What is Seller financing?
Seller financing, aka owner financing, is when the seller is acting as a bank on your behalf. You are not needing to qualify for a loan traditionally done by a banking institution.
How much money do I need to put down in Seller Financing?
That depends on what is agreeable to both the buyer and the seller. Normally the seller wants more down and the buyer wants to pay less. In traditional financing when an investor buys a home he or she would typically put down 20% of the purchase price. Because of this many times in Seller Financing they also want 20% down. However, it can be more or less depending upon the parties, the location, and the value of the home.
What interest rates should I expect to pay?
Again, like the down payment that can vary dramatically. This rate is typically a few percentage points higher than what you could get through conventional banks. Expect to pay at least 2 - 3 percentage points higher at a minimum.
Interest rates have been as low as 5 or 6% and can go as high as 12% or more.
How long is the seller willing to carry the loan?
This is yet another item that can vary dramatically. Unlike banks a seller is not typically in for the long haul. With traditional lending you can expect to get a 30 year amortized loan with no balloon payment nor a pre-payment penalty.
However, with Seller Financing the seller doesn't want to wait thirty years to get paid. Typically, they may give you a 30 year amortized loan but may have a 5 - 10 year balloon payment.
What is this "Balloon Payment"?
A balloon payment is a payment that at some point in the future (before the full term of the loan) that the remaining principle balance will be due.
It is best to point this out in a mathematical example. Let's say you get a 30 year (i.e., 360 month) amortized loan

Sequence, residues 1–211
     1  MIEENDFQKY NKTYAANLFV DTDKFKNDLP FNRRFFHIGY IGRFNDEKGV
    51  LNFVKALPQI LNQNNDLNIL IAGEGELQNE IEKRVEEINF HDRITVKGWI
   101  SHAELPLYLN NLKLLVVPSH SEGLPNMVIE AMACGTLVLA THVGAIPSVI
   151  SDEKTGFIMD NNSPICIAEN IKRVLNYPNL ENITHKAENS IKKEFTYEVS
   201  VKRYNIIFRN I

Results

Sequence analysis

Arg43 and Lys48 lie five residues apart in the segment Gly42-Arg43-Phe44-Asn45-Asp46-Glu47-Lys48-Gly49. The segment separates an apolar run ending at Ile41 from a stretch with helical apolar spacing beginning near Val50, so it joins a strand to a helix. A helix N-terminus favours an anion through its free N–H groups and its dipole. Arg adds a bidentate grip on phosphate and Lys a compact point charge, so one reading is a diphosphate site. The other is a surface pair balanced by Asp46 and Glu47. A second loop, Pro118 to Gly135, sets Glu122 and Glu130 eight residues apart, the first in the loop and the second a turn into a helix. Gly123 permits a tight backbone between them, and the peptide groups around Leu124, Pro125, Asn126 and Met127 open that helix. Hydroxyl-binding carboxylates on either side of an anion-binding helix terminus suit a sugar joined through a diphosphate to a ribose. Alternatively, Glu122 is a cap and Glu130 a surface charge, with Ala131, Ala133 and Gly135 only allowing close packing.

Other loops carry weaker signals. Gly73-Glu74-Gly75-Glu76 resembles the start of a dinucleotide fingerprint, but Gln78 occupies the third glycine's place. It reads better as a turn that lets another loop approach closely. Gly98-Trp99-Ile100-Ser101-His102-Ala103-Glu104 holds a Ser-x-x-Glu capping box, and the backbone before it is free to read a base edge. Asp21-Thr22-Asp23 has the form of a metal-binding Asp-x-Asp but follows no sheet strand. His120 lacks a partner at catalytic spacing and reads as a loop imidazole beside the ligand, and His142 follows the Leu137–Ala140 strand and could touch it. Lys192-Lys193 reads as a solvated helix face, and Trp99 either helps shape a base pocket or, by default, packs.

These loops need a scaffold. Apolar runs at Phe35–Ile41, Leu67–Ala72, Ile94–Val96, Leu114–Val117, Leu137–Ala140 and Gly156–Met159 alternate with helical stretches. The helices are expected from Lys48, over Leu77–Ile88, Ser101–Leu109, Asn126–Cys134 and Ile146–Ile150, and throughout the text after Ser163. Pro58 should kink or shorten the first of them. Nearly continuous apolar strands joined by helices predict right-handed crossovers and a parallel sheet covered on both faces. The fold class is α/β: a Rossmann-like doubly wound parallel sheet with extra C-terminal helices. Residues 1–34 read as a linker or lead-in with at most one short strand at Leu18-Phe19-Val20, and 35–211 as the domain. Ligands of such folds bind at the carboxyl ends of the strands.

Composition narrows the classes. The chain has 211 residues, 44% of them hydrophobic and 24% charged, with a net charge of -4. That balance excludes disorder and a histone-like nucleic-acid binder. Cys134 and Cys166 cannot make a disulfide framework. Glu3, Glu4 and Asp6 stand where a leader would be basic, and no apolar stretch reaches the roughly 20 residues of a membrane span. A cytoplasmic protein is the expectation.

from a seller. Yet she puts in a 5 year (i.e., 60 month) balloon payment. You would be making your payments based
on that 30 year loan. However, on the 60th month you will be paying your normal payment PLUS the remaining loan balance.
What ii I don't have the cash on hand to pay off the Balloon Payment?
That is a very good question. And you must be very aware of that upcoming payment. When you are getting close there are many things that you can do.
- Refinance the property into conventional financing. Assuming your home has gone up in value (or even remained the same) you still have at least a 20% equity position (from your original down payment plus principle reduction payments). There should be no problem getting a loan. You may even can get cash out if your loan that you get is greater than the payoff of the original loan.
- You sell the home to another party. Thereby cashing out your loan (paying off the Seller Financing), and giving you the cash value of the difference. Also note you will have some closing costs due to the sell of your home which may include agent commissions, escrow and title fees, and local taxes.
- Renegotiate your contract with the person who owns the note for the Seller Financing (usually the previous owner).
Why would a seller want to do Seller Financing?